Information technology careers are being demanded right now in industries across the nation. Technology skills and computer proficiency are two of the most sought after assets that a person can have when attempting to break into this field. This person will find that technology is the key to opening doors into technology driven businesses. Those doors will open, as well into industries that aren’t strictly technology driven, but ones that require experience in the use of computers and technology as a way to process information and accomplish a variety of tasks.
Information technology careers involve non-IT companies; these are companies that are not information technology based but ones that require proficiency with computers and the technology. These types of industries employ 92% of IT professionals, of these 80% are considered small businesses. These statistics highlight the diversity incorporated in this field, no matter if a person is looking to get into a large or small company, the opportunity to enter into the IT workforce will be an easy transition.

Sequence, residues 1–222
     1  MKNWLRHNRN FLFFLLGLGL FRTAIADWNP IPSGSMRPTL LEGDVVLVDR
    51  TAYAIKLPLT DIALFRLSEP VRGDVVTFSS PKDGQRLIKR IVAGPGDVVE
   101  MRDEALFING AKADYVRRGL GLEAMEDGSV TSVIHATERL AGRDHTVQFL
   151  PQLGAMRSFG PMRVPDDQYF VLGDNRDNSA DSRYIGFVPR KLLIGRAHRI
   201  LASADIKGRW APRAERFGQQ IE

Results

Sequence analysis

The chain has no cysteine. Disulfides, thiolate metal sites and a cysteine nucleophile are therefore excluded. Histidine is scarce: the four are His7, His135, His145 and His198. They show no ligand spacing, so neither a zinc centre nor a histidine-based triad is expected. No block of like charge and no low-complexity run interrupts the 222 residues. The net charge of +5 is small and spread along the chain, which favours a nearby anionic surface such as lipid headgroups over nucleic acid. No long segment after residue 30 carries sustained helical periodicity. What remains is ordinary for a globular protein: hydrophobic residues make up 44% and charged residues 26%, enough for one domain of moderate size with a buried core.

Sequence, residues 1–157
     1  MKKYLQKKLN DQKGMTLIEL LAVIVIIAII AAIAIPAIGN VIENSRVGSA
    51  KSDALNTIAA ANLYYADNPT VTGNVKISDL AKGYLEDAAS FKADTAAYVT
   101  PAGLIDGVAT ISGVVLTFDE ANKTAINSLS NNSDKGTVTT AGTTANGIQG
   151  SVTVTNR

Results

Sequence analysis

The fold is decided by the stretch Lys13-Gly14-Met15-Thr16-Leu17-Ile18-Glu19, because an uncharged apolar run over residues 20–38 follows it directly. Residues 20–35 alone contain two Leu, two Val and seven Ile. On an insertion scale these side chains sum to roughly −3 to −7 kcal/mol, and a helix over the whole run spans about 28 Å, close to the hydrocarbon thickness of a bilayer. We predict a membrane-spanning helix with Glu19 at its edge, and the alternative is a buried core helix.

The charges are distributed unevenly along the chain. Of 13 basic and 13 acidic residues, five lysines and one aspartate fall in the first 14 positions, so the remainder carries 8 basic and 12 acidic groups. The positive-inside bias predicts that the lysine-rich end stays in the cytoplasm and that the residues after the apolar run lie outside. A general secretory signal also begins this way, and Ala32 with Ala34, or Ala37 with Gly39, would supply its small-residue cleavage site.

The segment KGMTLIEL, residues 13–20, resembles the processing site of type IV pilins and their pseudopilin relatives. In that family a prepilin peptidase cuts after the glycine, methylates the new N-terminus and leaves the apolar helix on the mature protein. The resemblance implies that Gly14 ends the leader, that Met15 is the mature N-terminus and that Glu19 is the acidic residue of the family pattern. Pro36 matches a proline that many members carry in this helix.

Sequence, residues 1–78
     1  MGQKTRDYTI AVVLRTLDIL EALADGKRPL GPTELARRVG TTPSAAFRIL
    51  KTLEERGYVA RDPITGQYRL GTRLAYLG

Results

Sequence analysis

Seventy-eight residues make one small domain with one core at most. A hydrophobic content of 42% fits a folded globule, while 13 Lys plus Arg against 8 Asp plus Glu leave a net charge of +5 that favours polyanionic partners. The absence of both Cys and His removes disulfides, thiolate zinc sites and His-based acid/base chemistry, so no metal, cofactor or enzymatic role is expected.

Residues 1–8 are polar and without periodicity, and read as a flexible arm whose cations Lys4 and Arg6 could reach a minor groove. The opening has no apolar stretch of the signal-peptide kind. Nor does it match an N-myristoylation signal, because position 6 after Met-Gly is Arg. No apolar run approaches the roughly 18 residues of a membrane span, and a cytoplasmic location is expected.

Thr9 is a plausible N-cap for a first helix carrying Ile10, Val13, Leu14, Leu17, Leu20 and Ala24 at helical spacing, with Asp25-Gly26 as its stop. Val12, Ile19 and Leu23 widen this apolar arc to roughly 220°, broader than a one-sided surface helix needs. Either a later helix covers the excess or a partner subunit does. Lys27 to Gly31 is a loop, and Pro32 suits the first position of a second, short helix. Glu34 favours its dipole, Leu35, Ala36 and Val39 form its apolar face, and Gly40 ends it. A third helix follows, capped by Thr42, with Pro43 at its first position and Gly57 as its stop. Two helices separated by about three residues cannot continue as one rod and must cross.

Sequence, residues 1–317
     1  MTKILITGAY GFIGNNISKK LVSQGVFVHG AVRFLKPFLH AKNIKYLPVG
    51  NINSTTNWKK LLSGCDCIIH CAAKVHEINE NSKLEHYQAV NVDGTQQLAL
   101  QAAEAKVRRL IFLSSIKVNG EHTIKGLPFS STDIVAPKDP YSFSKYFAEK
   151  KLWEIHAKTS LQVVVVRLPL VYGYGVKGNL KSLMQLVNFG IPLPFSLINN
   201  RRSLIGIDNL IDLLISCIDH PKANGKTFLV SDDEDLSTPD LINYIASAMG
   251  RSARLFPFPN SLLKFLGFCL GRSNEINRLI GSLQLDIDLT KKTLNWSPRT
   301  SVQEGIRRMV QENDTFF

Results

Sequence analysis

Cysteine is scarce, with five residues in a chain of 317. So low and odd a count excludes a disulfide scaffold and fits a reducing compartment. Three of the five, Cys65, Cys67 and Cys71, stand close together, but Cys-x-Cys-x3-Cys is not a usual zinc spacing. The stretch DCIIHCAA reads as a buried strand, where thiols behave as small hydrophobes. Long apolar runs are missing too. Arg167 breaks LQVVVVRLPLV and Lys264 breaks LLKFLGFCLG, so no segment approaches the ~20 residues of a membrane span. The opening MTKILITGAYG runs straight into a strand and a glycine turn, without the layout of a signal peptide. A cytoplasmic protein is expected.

Certifications in the IT field are becoming more important and popular. IT professionals have to keep up with the advances in their occupations, technology and computer fields; this leads them to having to update their certifications on a continual basis. Vocational training is also recommended; according to the Urban Institute, in a report dated in May 2000, community colleges are significant in training both the veteran workers and workers that want to break into the IT field.
The requirements for becoming an IT professional (i.e. computer support specialist), is an Associate degree with significant hands-on experience. The person most suited to this type of work, are ones that have high problem-solving and analytical skills, followed by excellent communication skills. These are necessary do to the trouble-shooting aspects of the job and interaction with people you’re attempting to help. This interaction will continue between you and employees, other computer specialists, computer personnel, and customers.
Communicating effectively on paper, e-mail and in person will be an integral part of an IT professionals work day. This communication will also be translated into writing skills which may be used in preparing manuals; these manuals are then distributed to employees or customers.